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Microwaves are dying out? Not in my house

Addie Broyles
abroyles@statesman.com

When was the last time you used a microwave? Today? Yesterday? Two years ago?

Last week, I saw a bunch of tweets about this article in the digital magazine Quartz, in which Roberto A. Ferdman argues that the microwave’s days are numbered.

Ferdman pointed out that microwave sales actually increased from 1999 to 2004, when Americans bought nearly 12 million of them, according to Euromonitor. But in the past 10 years, sales have dropped by 40 percent. That’s just shy of 8 million units sold in 2013, which is roughly the same number of toaster ovens that Americans bought last year.

Ferdman argues that rising toaster sales and falling microwave sales mean that Americans have turned their back on zapping food in favor of more “natural” ways of cooking, while at the same time spending more money on products like ready-to-eat popcorn.

“Americans are at once too patient and too lazy to use their microwaves these days,” he wrote.

Maybe it was his use of the word “lazy,” but I bristled at the whole concept that so many millions of us don’t need or want microwaves anymore.

I’ve already been through the phase of not wanting a microwave for the sake of eating more “purely” or “authentically,” and then I had kids and changed my mind about how long I wanted to stand at the stove to heat up that cup of coffee I didn’t get to finish or leftovers from last night’s dinner.

In today’s food section, I dig deeper into the subject about why I think microwaves aren’t going anywhere and why we shouldn’t be shaming people for using them.

I started thinking critically about the last part of that sentence a few years ago when I kept seeing a Facebook post being shared about the “saddest”or most “depressing” cookbook ever made: “Microwave Cooking For One,” a book written by Marie T. Smith about thirty years ago.

Millions of people live by themselves, often by choice, and how they prepare their food has nothing to do with the quality of their lives. Thanks to the foodie/locavore culture, in which I have also been known to participate, a section of Americans snub microwave cooking as lesser than making every single meal from scratch using only more “authentic” cooking methods like a stove, oven or grill.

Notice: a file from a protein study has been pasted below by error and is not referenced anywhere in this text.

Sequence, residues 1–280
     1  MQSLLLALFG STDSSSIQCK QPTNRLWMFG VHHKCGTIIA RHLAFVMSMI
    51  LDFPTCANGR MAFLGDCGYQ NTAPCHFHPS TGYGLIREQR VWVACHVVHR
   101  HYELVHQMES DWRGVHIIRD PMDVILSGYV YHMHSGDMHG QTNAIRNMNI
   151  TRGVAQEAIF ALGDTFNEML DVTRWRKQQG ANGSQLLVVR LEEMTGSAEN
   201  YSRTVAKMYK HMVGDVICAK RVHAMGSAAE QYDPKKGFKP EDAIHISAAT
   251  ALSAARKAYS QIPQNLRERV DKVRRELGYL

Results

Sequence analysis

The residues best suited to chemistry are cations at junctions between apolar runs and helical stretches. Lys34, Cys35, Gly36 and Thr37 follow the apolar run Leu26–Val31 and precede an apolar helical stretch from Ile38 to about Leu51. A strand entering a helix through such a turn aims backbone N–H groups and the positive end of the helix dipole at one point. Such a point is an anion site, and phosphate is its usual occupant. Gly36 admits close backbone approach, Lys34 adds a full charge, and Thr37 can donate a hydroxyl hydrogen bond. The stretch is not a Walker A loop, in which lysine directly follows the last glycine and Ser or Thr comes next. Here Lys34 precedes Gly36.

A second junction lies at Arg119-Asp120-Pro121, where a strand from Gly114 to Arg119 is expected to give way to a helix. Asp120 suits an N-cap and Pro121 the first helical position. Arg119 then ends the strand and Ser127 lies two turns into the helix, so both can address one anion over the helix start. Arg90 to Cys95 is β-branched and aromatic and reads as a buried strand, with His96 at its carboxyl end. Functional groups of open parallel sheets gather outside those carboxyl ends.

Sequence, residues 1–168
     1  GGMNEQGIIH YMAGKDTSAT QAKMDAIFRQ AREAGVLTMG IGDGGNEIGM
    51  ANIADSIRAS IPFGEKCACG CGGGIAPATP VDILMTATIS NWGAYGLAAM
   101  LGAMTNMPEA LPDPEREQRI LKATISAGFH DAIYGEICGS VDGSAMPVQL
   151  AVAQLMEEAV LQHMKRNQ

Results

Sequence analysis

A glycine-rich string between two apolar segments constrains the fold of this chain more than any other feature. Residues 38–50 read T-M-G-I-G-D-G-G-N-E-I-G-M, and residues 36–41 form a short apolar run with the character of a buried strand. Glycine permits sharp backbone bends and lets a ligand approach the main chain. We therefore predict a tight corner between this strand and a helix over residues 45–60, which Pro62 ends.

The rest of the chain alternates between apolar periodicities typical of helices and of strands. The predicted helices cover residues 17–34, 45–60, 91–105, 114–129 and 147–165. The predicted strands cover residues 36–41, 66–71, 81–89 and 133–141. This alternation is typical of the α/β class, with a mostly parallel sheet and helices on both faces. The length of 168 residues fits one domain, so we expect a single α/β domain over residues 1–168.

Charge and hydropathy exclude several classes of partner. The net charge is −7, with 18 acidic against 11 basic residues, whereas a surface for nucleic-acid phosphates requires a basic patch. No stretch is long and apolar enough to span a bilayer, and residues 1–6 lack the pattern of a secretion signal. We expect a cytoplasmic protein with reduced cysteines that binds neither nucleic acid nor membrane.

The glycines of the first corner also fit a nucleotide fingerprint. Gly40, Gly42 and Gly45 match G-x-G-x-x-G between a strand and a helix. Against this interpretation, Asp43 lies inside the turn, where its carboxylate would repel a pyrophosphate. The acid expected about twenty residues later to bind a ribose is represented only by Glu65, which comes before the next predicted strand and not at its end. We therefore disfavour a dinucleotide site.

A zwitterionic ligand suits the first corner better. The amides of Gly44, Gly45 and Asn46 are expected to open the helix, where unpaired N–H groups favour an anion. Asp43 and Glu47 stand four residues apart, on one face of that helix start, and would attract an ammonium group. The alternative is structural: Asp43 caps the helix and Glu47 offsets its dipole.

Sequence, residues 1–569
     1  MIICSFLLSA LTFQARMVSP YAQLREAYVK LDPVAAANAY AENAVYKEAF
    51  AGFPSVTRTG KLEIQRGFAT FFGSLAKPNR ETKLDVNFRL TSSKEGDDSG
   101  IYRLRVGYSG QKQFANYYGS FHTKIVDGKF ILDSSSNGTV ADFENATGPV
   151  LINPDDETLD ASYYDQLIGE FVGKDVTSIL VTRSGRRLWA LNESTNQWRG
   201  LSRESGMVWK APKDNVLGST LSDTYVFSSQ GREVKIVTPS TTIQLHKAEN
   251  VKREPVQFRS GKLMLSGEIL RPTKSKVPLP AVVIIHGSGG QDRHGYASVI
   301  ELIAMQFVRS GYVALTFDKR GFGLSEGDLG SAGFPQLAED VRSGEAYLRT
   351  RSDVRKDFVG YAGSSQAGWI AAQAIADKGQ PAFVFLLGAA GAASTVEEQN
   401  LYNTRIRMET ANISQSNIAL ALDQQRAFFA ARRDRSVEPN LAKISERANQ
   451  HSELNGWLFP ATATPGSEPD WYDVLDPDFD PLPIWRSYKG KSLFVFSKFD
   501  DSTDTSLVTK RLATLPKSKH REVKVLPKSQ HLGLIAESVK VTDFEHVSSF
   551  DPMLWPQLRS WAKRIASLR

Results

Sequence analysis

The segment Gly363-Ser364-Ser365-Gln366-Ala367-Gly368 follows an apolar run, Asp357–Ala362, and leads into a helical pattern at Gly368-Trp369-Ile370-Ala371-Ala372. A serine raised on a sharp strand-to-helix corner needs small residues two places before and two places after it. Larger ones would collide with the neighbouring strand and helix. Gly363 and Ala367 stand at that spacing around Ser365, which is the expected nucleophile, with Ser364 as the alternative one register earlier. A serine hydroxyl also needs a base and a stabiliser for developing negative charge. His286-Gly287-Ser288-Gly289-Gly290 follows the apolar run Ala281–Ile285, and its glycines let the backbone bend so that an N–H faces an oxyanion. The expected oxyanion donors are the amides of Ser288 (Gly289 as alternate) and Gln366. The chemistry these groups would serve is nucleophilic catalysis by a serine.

The microwave, once a heralded time-saver that allowed cooks, especially women, to do something other than work in a kitchen for hours at a time, is now a second-class appliance for second-class cooks.

Well, this cook — who also cans, bakes bread, makes pasta and pickles just about anything that will fit in a jar — still uses her microwave for everything from melting butter and popping popcorn to heating up leftovers and doesn’t plan to stop anytime soon.

Many Americans don’t have access to the kinds of kitchens we see on TV, and a microwave costs a whole lot less than a new stove/oven. I’m not saying I could cook everything I eat in one, but it is a helpful, not to mention energy-saving, tool that we use on daily basis.

What do you think about the argument that microwaves are on their way out? Leave a comment here or over on the Relish Austin Facebook page.

Yellow Cake in a Mug

Mug cakes are single-serving cakes “baked” in the microwave, usually in a ceramic coffee mug. Their popularity has boomed in the Pinterest generation, and in 2013, Leslie Bilderback published an entire cookbook dedicated to them. This basic yellow cake recipe is one of the cakes featured in the book, and she calls it a “perfect blank canvas on which to paint a sweet celebratory picture. Eat it as is, or fold in anything you like — chocolate chips, candies, nuts, fruits — to create a personalized mug cake statement.” Feel free to top with icing, whipped cream, sprinkles or colored sugar crystals.

2 Tbsp. unsalted butter

1 large egg

2 Tbsp. milk

1 tsp. pure vanilla extract

1/4 cup granulated sugar

6 Tbsp. (1/4 cup plus 2 Tbsp.) self-rising flour

Pinch of kosher salt

Place the butter in a large mug and microwave it for 20 to 30 seconds until melted. Add the egg and whisk it in with a fork. Stir in the milk, vanilla and sugar. Add the flour and salt. Beat the batter until smooth. Divide the batter between two mugs. Microwave separately for 1 1/2 to 2 1/2 minutes each until risen and firm. Makes two mug cakes.

— From “Mug Cakes: 100 Speedy Microwave Treats to Satisfy Your Sweet Tooth” by Leslie Bilderback (St. Martin’s Griffin, $22.99)